A Goldilocks Plus Story for Turkey
For loyal readers who have patiently put up with my pessimism until today, I proudly present the latest guest post from Ali G (not the rapper– sorry for the bad joke). As always, my pessimistic comments are right below the column:
I was planning to write about this later, but I felt I had to touch the Moody’s ratings upgrade somehow so here it is.
The time has come (it has actually started a month or two ago), for another Goldilocks Plus period and the Moody’s rating upgrade is just going to be the cherry on top. Let me explain. First of all, the scenario commonly referred as the Goldilocks means growth with just enough inflation. The Plus is an addition for Turkey and it stands for just enough current account deficit to go with the ideal growth and inflation mix. And before the structural issues are resolved, or let’s say there is real progress on the structural issues, Goldilocks periods for Turkey will be the early stages of a global takeoff and the mid stage of a slowdown.
This might sound a little weird, but let me make my case: During the first stages of a global takeoff, growth in Turkey increases rapidly relative to its peers, but global commodity prices(including oil) are still low, demand is just recovering and the increase in the CA deficit is manageable. However, once the global economy starts picking up momentum, then both the current account and inflation start becoming a problem quite quickly.
On the other hand, during the first stage of a slowdown, the economy is still too hot, meaning inflation is probably rather high and the CA deficit is almost certainly at the peak (as on the last quarter of 2011). However after a couple of months, the economy slows just to the right pace and stays there for a while at another Goldilocks Plus period, before the global slowdown really kicks in, which marks the end of the period as the economy loses growth altogether and contracts more than the world average. Let’s try to show this graphically.
The first figure shows global and local growth, along with the price of oil. Looking back at 2008, as global growth slowed, both growth in Turkey and oil prices collapsed, only to pick up after the first quarter of 2009. This was the first Goldilocks period and it went on until late 2010. At the end of 2011, there was a decoupling which we cannot see here, where there are signs of relatively strong growth from the US and China and a serious slowdown in Europe. This pushes oil prices up, while depressing local growth. Finally, oil prices peaked at the end of the last quarter (Q1 2012), when the growth picture for US and China also became much bleaker. At this point, the Turkish economy probably came close to a standstill, although there is still no contraction. This marks the start of the current Goldilocks period.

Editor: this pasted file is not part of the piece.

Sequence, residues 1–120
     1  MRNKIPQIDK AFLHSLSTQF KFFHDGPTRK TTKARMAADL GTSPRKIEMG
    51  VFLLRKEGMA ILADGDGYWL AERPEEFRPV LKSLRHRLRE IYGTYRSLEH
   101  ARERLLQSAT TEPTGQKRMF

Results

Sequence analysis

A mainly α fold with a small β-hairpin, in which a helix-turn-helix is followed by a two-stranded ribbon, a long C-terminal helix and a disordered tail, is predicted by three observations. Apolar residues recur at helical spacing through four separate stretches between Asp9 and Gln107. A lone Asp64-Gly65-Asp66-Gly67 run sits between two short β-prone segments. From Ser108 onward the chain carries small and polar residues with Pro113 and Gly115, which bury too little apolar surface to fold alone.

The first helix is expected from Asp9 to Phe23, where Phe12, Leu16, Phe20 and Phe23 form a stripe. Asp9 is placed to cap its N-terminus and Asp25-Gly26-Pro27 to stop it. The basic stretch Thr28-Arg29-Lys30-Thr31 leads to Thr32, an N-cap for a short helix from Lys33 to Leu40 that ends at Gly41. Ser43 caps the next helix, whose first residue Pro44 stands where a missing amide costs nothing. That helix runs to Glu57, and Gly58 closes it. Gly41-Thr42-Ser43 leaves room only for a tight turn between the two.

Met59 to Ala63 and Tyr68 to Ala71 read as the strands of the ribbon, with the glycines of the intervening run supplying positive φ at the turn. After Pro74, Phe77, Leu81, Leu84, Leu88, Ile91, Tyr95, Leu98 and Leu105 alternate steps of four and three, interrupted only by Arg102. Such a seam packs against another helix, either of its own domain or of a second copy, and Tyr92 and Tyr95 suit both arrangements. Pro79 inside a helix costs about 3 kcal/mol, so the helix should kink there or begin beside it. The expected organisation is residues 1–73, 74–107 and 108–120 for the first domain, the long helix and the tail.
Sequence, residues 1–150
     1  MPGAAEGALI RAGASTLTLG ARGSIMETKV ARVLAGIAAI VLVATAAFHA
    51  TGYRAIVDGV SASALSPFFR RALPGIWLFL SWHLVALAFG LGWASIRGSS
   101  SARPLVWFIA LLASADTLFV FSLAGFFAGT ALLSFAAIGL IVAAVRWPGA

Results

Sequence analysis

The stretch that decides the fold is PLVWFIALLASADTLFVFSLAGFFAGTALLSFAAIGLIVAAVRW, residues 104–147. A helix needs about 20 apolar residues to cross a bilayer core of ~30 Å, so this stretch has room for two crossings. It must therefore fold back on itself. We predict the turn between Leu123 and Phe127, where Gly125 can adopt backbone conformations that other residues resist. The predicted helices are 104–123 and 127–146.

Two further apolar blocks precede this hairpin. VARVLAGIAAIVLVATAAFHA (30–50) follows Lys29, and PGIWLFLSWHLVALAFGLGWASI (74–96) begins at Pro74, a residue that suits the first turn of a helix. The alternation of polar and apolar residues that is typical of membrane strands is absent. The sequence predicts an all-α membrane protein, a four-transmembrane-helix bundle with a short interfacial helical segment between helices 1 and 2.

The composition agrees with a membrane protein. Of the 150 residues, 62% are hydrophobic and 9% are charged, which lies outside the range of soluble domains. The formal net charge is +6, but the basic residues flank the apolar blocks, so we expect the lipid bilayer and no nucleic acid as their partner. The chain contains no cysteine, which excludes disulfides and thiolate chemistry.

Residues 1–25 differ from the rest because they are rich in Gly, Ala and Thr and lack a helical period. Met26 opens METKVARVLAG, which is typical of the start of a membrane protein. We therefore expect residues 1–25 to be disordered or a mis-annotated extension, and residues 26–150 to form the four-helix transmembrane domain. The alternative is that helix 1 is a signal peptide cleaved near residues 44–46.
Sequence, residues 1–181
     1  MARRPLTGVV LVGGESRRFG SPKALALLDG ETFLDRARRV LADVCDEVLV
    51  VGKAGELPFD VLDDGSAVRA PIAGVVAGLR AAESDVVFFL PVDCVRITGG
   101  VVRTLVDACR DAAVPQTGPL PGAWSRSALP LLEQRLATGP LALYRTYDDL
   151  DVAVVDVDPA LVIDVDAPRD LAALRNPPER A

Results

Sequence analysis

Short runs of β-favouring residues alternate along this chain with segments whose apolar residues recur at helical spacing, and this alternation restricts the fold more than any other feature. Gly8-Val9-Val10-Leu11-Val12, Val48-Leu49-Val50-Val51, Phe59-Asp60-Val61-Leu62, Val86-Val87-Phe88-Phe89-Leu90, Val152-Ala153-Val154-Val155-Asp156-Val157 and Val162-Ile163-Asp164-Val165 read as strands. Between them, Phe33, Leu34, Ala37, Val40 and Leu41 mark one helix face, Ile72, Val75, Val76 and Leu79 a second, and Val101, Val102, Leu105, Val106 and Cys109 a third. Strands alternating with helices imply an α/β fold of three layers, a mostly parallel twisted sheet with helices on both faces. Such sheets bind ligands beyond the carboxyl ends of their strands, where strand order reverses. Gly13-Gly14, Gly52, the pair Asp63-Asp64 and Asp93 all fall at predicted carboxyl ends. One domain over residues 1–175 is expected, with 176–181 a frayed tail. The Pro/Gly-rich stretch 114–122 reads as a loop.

Let’s relate these to the CA deficit and inflation on the second figure through the price of oil and restate our case. In the aftermath of the 2008 crisis, both the CA deficit and inflation collapsed. Then, as growth started picking up, a Goldilocks Plus period started on the second half of 2009. This lasted up to the last quarter of 2010 when the economy had more or less heated up. Moving on, through the end of 2011, the deficit, which was at its peak, started narrowing gradually with growth continuing to slow and Lira losing value, but inflation kept increasing mainly due to the high oil price stemming from hopes of a US-led recovery and a weaker TRL. Finally, coming to the end of the last quarter, which marked the beginning of the second Goldilocks Plus period, the US and China also lost momentum and oil prices started falling, dragging inflation and the current account deficit in Turkey with it. The only missing part is local growth (as I mentioned above there is very little growth), but still it is not that bad, as nobody expects contraction just yet. However, growth could become an issue in the later part of the year depending on the pace of the global slowdown. This will mark the end of another Goldilocks period.
So there you have it, a Goldilocks Plus story for Turkey. I know it is a very crude analysis but you probably get the idea. I believe that the global economy will go through a couple of these mini cycles rather than decades-long super cycles, so this analysis should be of some use. And even if we move up to investment grade, that would probably create a one-off jump but, I don’t think it will fundamentally change what I’ve stated above.
Ali Gökhan is the acting economist at a Turkish conglomerate. The views expressed here are his personal views only and do not represent the views of his company.
Speaking of ratings upgrades and investment grade, there were “rumors”, especially after the Moody’s upgrade, that Fitch would bring Turkey to investment grade. Even FinMin Mehmet Simsek joined the bandwagon, stating on TV yesterday that a “Fitch upgrade for Turkey wouldn’t be surprising”. I am sure he was the quite surprised a couple of hours ago, when Fitch all but ruled out the upgrade in its Mid-Year Sovereign Review and Outlook. The agency noted that although soft landing is in sight, the high short-term debt and still large current account deficit leave the country vulnerable to external shocks (see page 17). I am looking forward to EconMin Zafer Caglayan’s reaction, as he had stated earlier that the Moody’s upgrade was not enough. He was also quite critical of the ratings agency in the past. I am also anxious to read tomorrow’s pro-g0venrment daily Sabah. But I am resolved: I know Sabah and Caglayan will “tempt” me to grace them into my upcoming Hurriyet Daily News column, but I will write about the EU Summit no matter what. I’ve even found my title: “Angela’s Ashes“!:), unless Frau Merkel & co. manage to surprise me big time…
Comments are closed.